Photo of Matthew ClarkBy Matthew ClarkMarch 08 2013
Tax Law

Rule Changes Target Personal Service Businesses

If you provide services through a corporation, or employ such persons, you should be aware that recent legislative changes have dramatically increased the tax risks of such arrangements. According to these legislative changes, the tax payable by Personal Services Businesses (PSB) has been significantly increased. In addition to losing the ability to deduct most business expenses, if a worker’s corporation is considered to be a PSB, then the corporate tax rate will increase from 14% to 38%. 

A PSB is defined in the Income Tax Act to include a business carried on by a corporation through which services are provided by an individual who would, but for the existence of the corporation, be considered an employee of the recipient of the services. There are a number of factors that are relevant in this analysis.  For example, does the employer provide you with a computer, an office, or a business card? Do you control your own hours? Can you subcontract out? There are many other factors that can be relevant. However, if you work for only one client, then Canada Revenue Agency (CRA) will likely consider your company to be a PSB and reassess corporate taxes at much higher rates.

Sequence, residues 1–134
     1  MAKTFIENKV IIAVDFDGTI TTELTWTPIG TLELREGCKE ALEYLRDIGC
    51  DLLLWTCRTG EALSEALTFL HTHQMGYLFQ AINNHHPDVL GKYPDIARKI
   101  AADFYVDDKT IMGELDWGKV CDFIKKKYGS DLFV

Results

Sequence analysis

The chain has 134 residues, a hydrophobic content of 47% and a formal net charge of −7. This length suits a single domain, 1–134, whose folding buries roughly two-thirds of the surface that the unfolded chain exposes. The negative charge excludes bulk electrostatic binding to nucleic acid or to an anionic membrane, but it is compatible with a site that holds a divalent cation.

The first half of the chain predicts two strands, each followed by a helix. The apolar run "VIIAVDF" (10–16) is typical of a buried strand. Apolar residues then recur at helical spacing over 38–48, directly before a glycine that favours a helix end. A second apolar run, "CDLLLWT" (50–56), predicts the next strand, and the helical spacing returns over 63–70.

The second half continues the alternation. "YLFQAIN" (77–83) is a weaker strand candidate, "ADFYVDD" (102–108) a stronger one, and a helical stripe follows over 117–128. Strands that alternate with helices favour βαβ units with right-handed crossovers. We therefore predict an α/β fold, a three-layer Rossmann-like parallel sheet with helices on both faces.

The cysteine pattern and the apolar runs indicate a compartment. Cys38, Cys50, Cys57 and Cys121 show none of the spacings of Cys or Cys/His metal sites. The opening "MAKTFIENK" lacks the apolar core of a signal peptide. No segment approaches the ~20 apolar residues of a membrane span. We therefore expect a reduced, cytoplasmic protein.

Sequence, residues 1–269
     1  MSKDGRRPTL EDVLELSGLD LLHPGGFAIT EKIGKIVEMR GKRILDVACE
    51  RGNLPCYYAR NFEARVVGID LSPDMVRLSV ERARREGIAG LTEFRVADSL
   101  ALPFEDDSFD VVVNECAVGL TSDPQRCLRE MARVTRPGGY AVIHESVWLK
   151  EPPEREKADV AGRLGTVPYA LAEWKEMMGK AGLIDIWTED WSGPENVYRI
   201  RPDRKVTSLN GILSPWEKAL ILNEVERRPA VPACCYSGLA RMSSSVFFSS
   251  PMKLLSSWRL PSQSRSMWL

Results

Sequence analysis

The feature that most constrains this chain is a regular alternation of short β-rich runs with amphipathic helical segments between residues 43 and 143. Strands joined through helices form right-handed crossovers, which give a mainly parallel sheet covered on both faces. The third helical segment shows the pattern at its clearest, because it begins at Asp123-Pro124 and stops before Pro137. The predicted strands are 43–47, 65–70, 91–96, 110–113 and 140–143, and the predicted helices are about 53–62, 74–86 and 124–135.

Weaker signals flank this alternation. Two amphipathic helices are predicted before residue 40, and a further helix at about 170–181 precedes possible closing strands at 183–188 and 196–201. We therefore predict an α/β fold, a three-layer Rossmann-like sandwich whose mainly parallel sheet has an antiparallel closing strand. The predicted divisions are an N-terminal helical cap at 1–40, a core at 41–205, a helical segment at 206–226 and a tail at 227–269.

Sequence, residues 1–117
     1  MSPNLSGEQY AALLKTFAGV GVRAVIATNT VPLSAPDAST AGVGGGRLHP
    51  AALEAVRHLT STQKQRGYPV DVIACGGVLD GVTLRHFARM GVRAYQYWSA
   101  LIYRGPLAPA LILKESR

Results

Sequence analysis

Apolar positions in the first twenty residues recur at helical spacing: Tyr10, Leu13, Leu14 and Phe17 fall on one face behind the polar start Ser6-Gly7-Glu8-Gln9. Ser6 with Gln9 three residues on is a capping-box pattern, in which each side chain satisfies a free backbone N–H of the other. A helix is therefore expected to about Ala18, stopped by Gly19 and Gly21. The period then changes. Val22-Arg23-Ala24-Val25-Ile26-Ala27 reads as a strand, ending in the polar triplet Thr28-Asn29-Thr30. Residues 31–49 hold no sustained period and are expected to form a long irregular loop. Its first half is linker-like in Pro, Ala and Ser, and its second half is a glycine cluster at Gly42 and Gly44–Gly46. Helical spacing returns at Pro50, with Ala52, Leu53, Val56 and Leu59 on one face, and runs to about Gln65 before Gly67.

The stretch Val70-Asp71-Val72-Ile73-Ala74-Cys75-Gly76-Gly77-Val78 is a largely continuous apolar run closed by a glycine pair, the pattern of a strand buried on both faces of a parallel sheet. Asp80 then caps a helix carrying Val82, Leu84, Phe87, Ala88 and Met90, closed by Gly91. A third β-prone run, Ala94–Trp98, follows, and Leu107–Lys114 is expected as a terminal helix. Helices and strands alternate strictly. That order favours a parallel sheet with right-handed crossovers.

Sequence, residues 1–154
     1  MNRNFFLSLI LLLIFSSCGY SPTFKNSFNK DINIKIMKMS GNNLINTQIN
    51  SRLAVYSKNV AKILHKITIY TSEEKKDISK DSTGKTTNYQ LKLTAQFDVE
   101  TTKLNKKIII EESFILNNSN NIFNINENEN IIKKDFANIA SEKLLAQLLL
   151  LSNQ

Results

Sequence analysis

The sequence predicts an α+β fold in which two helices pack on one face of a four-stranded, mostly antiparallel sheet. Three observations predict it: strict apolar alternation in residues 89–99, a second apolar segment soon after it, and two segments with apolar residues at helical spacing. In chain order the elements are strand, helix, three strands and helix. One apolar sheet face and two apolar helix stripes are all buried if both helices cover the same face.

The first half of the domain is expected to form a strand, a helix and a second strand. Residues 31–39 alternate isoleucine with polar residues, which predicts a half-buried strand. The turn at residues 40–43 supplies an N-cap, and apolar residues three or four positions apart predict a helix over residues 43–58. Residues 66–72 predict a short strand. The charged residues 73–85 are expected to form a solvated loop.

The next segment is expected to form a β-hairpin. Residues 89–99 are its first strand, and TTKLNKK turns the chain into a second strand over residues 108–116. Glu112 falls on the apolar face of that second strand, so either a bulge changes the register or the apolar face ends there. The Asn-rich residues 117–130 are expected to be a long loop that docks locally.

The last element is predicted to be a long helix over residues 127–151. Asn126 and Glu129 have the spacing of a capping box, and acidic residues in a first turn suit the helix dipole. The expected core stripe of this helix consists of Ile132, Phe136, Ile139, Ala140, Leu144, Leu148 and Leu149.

As a result of these changes, incorporated workers are at risk of significant negative tax consequences. These changes have increased the likelihood that the CRA will conduct wholesale audits of incorporated workers. Employers will be at significant financial and operational risk. They may experience severe disruptions as their workers are forced into legal, financial and personal distress by the CRA. 

Invitation for Discussion:

Nerland Lindsey LLP has developed solutions enabling proactive employers and contractors to insulate themselves from these risks.  For details, contact Matthew Clark at (403) 299-9620, Robert Worthington at (403) 536-9587 or contact the Tax Law group at Nerland Lindsey LLP. 


Note that the foregoing is for general discussion purposes only and should not be construed as legal advice to any one person or company. If the issues discussed herein affect you or your company, you are encouraged to seek proper legal advice.

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